In accordance with the present invention, there is provided a cathode for use in electrolytic proceses, and a method for producing such cathodes. The cathodes of this invention are fabricated by applying a surface coating to at least a portion of a suitable substrate material. In general, the substrate materials are known in the art and comprise, for example, nickel, titanium, or a ferrous metal, such as iron or steel. The surface layer is formed by codepositing onto the substrate a mixture of a first metal selected from the group consisting of iron, cobalt, nickel, and mixtures thereof, and a second metal or metal oxide selected from the group consisting of molybdenum, manganese, titanium, tungsten, vanadium, indium, chromium, zinc, their oxides, and combinations thereof. The surface layer is applied to the substrate from an electroplating bath or solution containing a soluble sulfur-containing compound, such as an alkali metal thiocyanate or thiourea. At least a portion of the second metal or metal oxide is subsequently removed from the coating, suitably by leaching using an alkaline solution, such as an aqueous solution of an alkali metal hydroxide. Leaching can be performed prior to placing the cathode in operation in an electrolytic cell, or during actual operation in the cell by virtue of the presence of an alkali metal hydroxide in the electrolyte.
The present cathode comprises a substrate material and a surface layer. The substrate may be selected from any suitable material having the required electrical and mechanical properties, and the chemical resistance to the particular electrolytic solution in which it is to be used. Generally, conductive metals or alloys are useful, such as ferrous metals (iron or steel), nickel, copper, or valve metals such as tungsten, titanium, tantalum, niobium, vanadium, or alloys of these metals, such as titanium/palladium alloy containing 0.2% palladium. Because of their mechanical properties, ease of fabrication, and cost, ferrous metals, such as iron or steel, are commonly used in chlor alkali cells. However, in chlorate cells where corrosion of the substrate material is a significant problem, titanium or titanium alloys are preferred.
The surface layer can then be applied directly to the substrate material from a suitable electroplating solution. Alternately, if a substrate material other than nickel is utilized, a Watts nickel layer can be applied to the substrate as an undercoating, and the intermediate binding layer can then be applied directly to the Watts nickel layer. The surface layer comprises a codeposit of a first metal selected from the group consisting of iron, cobalt, nickel, and mixtures thereof, and a second metal or metal oxide selected from the group consisting of molybdenum, manganese, titanium, tungsten, vanadium, indium, chromium, zinc, their oxides, and combinations thereof. The electroplating solution contains a soluble sulfur-containing compound which serves to improve the deposition of the binding layer and also serves to improve the adhesion of the coating to the substrate. Suitable sulfur-containing compounds include alkali metal thiocyanates, such as potassium thiocyanate, and thiourea.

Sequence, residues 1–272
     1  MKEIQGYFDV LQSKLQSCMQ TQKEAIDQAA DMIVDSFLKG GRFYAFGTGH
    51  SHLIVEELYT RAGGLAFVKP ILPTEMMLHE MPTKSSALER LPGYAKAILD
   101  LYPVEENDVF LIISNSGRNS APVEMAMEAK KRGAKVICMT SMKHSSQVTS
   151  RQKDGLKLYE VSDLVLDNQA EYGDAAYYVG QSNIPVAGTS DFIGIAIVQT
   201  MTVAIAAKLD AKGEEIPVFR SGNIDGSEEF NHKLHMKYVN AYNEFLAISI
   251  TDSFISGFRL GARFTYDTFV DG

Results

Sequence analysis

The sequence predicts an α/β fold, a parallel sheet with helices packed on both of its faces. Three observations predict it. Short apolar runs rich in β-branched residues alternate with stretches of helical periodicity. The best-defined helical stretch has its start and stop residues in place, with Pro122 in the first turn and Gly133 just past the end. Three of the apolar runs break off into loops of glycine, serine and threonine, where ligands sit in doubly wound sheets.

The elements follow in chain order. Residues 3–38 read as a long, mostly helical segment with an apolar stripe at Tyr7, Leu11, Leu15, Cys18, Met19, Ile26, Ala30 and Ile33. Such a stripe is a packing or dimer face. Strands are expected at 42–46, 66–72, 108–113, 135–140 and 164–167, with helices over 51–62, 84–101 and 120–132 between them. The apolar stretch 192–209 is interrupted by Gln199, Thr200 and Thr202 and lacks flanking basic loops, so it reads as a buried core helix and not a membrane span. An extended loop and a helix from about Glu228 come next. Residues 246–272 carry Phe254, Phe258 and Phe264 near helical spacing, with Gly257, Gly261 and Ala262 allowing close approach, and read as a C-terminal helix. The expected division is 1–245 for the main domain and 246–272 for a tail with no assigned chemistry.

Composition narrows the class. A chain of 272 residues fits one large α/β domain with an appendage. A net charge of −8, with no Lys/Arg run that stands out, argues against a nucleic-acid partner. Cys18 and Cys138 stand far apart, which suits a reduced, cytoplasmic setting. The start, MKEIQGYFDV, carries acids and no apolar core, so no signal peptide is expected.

Prior to coating the substrate in the plating bath, the substrate is preferably cleaned to insure good adhesion of the binding layer. Techniques for such preparatory cleaning are conventional and well known in the art. For example, vapor degreasing or sand or grit blasting may be utilized, or the substrate may be etched in an acidic solution or cathodically cleaned in a caustic solution.
After cleaning, the substrate can then be immersed in a plating bath to simultaneously codeposit the first metal and the second metal or metal oxide. The basic electroplating technique which can be utilized in this invention is known in the prior art. For example, U.S. Pat. No. 4,105,532, issued Aug. 8, 1978,and Havey, Krohn, and Hannekin in "The Electrodeposition of Nickel-Molybdenum Alloys", Journal of the Electrochemical Society, Vol. 110, page 362 (1963), describe, respectively, typical sulfate and pyrophosphate plating solutions. By way of illustration, a suitable plating bath composition for codepositing a surface layer of nickel and molybdenum or molybdenum oxide, the preferred first and second metals according to the present invention, is as follows:
TABLE I______________________________________Na2 MoO4.2H2 O 0.02MNiCl2.6H2 O 0.04MNa2 P2 O7.10H2 O 0.130MNaHCO3 0.893MZnCl2 3 × 10-4 MHydrazine Sulfate 0.0254MCdNO3.4H2 O 3 × 10-4 MKSCN 5.8 × 10-4 M______________________________________